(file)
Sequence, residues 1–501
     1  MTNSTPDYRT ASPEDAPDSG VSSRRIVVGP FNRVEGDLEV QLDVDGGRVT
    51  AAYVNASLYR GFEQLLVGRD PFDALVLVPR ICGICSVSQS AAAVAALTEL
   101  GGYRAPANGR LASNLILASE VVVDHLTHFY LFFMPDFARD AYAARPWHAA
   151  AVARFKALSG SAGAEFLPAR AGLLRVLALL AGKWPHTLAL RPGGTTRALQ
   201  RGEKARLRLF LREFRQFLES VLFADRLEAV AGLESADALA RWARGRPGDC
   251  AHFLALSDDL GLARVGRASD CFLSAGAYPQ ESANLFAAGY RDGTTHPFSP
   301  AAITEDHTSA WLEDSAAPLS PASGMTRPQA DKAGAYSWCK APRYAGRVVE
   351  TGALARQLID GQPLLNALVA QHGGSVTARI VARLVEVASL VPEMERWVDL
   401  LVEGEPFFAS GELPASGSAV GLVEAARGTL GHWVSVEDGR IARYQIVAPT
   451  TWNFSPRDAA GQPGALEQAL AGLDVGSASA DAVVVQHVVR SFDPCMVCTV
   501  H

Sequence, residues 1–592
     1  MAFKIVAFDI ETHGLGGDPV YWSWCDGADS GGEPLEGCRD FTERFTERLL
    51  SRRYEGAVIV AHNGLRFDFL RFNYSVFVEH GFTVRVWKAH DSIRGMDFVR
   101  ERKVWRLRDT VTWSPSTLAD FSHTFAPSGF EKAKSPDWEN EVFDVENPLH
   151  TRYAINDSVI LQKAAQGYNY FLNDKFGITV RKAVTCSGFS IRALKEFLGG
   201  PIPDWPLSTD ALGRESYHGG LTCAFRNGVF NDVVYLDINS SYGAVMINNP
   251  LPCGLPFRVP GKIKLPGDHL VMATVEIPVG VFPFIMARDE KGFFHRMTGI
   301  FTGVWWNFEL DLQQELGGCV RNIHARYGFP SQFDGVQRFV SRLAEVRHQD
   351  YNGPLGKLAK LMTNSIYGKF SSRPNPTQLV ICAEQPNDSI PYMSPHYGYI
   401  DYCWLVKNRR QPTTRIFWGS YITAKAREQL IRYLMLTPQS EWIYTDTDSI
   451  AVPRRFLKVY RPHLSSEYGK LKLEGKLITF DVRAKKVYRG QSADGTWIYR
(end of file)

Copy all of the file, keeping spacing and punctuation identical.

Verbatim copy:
Sequence, residues 1–501
     1  MTNSTPDYRT ASPEDAPDSG VSSRRIVVGP FNRVEGDLEV QLDVDGGRVT
    51  AAYVNASLYR GFEQLLVGRD PFDALVLVPR ICGICSVSQS AAAVAALTEL
   101  GGYRAPANGR LASNLILASE VVVDHLTHFY LFFMPDFARD AYAARPWHAA
   151  AVARFKALSG SAGAEFLPAR AGLLRVLALL AGKWPHTLAL RPGGTTRALQ
   201  RGEKARLRLF LREFRQFLES VLFADRLEAV AGLESADALA RWARGRPGDC
   251  AHFLALSDDL GLARVGRASD CFLSAGAYPQ ESANLFAAGY RDGTTHPFSP
   301  AAITEDHTSA WLEDSAAPLS PASGMTRPQA DKAGAYSWCK APRYAGRVVE
   351  TGALARQLID GQPLLNALVA QHGGSVTARI VARLVEVASL VPEMERWVDL
   401  LVEGEPFFAS GELPASGSAV GLVEAARGTL GHWVSVEDGR IARYQIVAPT
   451  TWNFSPRDAA GQPGALEQAL AGLDVGSASA DAVVVQHVVR SFDPCMVCTV
   501  H

Sequence, residues 1–592
     1  MAFKIVAFDI ETHGLGGDPV YWSWCDGADS GGEPLEGCRD FTERFTERLL
    51  SRRYEGAVIV AHNGLRFDFL RFNYSVFVEH GFTVRVWKAH DSIRGMDFVR
   101  ERKVWRLRDT VTWSPSTLAD FSHTFAPSGF EKAKSPDWEN EVFDVENPLH
   151  TRYAINDSVI LQKAAQGYNY FLNDKFGITV RKAVTCSGFS IRALKEFLGG
   201  PIPDWPLSTD ALGRESYHGG LTCAFRNGVF NDVVYLDINS SYGAVMINNP
   251  LPCGLPFRVP GKIKLPGDHL VMATVEIPVG VFPFIMARDE KGFFHRMTGI
   301  FTGVWWNFEL DLQQELGGCV RNIHARYGFP SQFDGVQRFV SRLAEVRHQD
   351  YNGPLGKLAK LMTNSIYGKF SSRPNPTQLV ICAEQPNDSI PYMSPHYGYI
   401  DYCWLVKNRR QPTTRIFWGS YITAKAREQL IRYLMLTPQS EWIYTDTDSI
   451  AVPRRFLKVY RPHLSSEYGK LKLEGKLITF DVRAKKVYRG QSADGTWIYR